Friday, December 30, 2011

Scottish New Year Tradition

The influx of Scottish families who left their homes to seek work in the south of England brought many customs and traditions of Christmas and the New Year. One such custom is that of “first footing” ceremony. 

Traditionally, a man with dark hair should enter the front door of the home at the stroke of midnight. He should not wear any dark clothes as if in mourning, he should not carry anything sharp, have bad thoughts and should not have a limp or be otherwise impaired. Depending on the area, he should carry specific gifts such as a piece of coal, or other means of providing warmth such as wood or peat; a bottle of whiskey, beer or mead, a loaf of bread or a cake and some silver coins. These gifts are symbolic of the need for warmth, food and drink and wealth. The dark haired visitor may also hold some kind of greenery--the universal sign of a messenger.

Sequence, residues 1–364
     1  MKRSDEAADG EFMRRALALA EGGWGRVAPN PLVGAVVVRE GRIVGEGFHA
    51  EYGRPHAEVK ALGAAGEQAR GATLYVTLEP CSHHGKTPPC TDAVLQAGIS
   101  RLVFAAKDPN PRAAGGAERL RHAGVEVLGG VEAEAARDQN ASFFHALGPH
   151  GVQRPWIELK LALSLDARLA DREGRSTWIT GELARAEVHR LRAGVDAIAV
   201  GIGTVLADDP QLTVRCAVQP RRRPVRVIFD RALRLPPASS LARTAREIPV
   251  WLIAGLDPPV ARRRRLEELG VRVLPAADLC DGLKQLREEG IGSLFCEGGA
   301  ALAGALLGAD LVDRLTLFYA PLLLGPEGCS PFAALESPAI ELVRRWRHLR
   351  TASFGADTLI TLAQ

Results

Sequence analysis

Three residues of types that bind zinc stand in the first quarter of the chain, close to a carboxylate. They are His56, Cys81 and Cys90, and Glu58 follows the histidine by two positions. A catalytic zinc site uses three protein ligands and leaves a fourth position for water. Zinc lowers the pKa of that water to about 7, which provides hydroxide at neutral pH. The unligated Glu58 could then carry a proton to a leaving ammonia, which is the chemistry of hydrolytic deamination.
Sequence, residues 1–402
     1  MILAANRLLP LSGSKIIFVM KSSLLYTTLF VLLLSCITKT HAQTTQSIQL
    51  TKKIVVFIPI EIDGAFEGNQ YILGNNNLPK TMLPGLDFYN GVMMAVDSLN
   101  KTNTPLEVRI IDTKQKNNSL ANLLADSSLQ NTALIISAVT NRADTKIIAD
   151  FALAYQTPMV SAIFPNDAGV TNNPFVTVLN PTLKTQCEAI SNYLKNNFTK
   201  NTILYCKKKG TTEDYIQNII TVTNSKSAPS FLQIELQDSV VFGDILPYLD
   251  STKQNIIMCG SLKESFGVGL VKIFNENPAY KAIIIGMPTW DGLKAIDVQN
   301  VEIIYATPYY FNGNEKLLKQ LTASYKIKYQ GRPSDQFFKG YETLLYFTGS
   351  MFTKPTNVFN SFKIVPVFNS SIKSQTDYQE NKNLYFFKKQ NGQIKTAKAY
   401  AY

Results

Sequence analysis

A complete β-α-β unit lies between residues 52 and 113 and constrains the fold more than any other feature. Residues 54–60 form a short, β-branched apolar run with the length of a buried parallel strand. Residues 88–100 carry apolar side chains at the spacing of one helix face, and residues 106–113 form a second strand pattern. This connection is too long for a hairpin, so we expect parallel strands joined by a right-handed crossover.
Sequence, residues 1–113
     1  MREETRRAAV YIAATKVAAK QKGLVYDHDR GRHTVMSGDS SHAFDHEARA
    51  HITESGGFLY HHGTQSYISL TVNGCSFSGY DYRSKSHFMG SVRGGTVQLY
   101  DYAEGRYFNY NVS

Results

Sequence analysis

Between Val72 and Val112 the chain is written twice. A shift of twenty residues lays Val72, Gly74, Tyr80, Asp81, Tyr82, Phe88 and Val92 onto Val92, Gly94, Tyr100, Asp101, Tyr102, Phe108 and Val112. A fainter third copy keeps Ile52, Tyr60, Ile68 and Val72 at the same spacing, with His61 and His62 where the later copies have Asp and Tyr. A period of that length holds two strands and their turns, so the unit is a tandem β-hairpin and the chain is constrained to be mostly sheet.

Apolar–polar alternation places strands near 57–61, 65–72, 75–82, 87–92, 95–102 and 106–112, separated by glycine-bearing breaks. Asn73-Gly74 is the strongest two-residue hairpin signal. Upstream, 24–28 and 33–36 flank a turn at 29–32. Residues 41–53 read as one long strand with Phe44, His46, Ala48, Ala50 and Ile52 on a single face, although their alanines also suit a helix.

The visitor would enter in silence, but after doing so would kiss all the ladies and recite a rhyme.
“I wish you a happy New Year
A pocketful of money, a cellar full of beer,
A good fat pig to last all year
So please give a gift for New Year.”
After this ritual, the visitor must exit through the back door to complete the custom.

From: Christmas Past in Essex by Elizabeth Wallace.